the managing editor or business
manager and receive salaries.
Parallel appointments as night
editors and senior editors are made
on the sports and women's staffs.
Like the editorial staff, these
staffs have training programs for
new members to teach the funda-
mentals of writing a sports story
or information about local social
events. New business staffers spend
a large percentage of time getting
ads, but also receive a great deal
general business experience.
Daily History
The Daily was first published in

the fall of 1890 by a group of non-
fraternity men. Later, the staff was
opened to all interested students.
It showed its stamina by sur-
viving its competitors in the field,
and, after the turn of the century,
it was purchased by the University.
Shortly afterwards, it was moved
from a small downtown print shop
to the Ann Arbor Press building
and the name was changed to
The Michigan Daily.
The present Student Publications
Building, which houses one of the
finest shops for a paper its size
in the country, opened in 1932 and
was financed largely by The Daily's
earnings. It numbers half-a-million
dollars worth of equipment, includ-
ing an automatic AP setter, a
Fairchild engraver and an excel-
lent rotary press, among its assets.
Board in Control
The Daily is published by stu-
dents under the authority of the
Board in Control of Student Publi-
cations, which is made up of stu-
dents elected by the campus at
large and faculty and alumni ap-
pointees.
The Board does not censor edit-
orials or news articles.
The Daily has won numerous
awards for excellence, including
those given by the Associated Col-
legiate Press, Sigma Delta Chi,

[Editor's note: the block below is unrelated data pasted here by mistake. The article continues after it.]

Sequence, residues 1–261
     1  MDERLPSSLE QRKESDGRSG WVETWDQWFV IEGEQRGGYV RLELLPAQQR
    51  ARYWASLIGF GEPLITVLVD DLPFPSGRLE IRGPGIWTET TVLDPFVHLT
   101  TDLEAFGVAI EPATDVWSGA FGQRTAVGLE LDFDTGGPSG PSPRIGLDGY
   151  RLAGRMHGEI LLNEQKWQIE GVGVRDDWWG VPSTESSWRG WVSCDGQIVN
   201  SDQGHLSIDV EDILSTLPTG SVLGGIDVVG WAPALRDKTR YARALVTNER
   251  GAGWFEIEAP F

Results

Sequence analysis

and the National Advertising Serv-
ice. All-American ratings, the
highest prize among college news-
papers neatly framed, line the
walls of the senior editorial office.
Try FOLLETT'S First
USED BOOKS
at
BARGAI N PRICES

Gargoyle Is
A Magazine
For People
Of the People,
By the People
Girl: Hello, Thenobord.
Boy: Hiya Jane.
Girl: That's not my name.
Boy: That's not my name either.
Both: We must be two different
people, stranger.
Boy: What is Gargoyle?
Girl: A mouthwash, stupid.
Boy: Is it dirty?
Girl: Yes.
Boy: Is it clean?
Girl: Yes.
Voice: Then how can you tell
them apart?
Girl: Who are you, anyway?
Voice: My name is Abe. Fore-
score and seven years ago our
fathers brought forth on this con-
tinent a new nation conceived in
liberty and.. ..
Girl: That's pretty good. What's
your last name, Abe?
Abe: Humperdink.
Boy: Tell us about Gargoyle.
Upperclassman: Yes, who is this
man Hitler, and what does he
want?
Boy: That's pretty good. What
did you say your name was?
Upperclassman: Upper.
Voice: Gargoyle is published five
times a year except Thursday.
Other Voices: Gargoyle is funny.
Ha ha.
Other Rooms: Gargoyle is a
quarter.
All: Who was that lady I saw you
with last night?
Both: That was no lady, that
was my wife.
All: Ha ha. Ha ha ha hahaha ha
he ho haha.
Both: Haven't you heard that
joke before?
All: It's the way you tell it!!!!!
Mother: David! How many times
have I told you not to wade in
the sink?
David: Seventeen.
Girl: I'm going to join Gargoyle!
Boy: Gee.
Girl: Why don't you join Gar-
goyle too?
Boy: I'd rather die. (he dies)
Girl: Did you know that the next
fun-packed issue of Gargoyle is
coming out this very next Monday.
Why I can hardly wait to get hold
of that fun-packed issue!
Abe: It's so nutritious!
Girl: Your corner drug store will
love it!
Abe: Yum.
Girl: How long does this have
to go on?
Abe: Another Inch.
Girl: How many lines gf writ.
ing to an inch?
Abe: Four.
Girl: You get the last line.
Abe: So I do.
'Thought Control'
Several recent surveys taken by
the New York Times and Time
magazine show that the rash of
loyalty investigations has infring-
ed upon academic freedom and im-
posed silence and thought control
on college faculties and student
newspapers.

ANNUAL YEARBOOK:
Ensian Provides Picture
Record of'U' Activities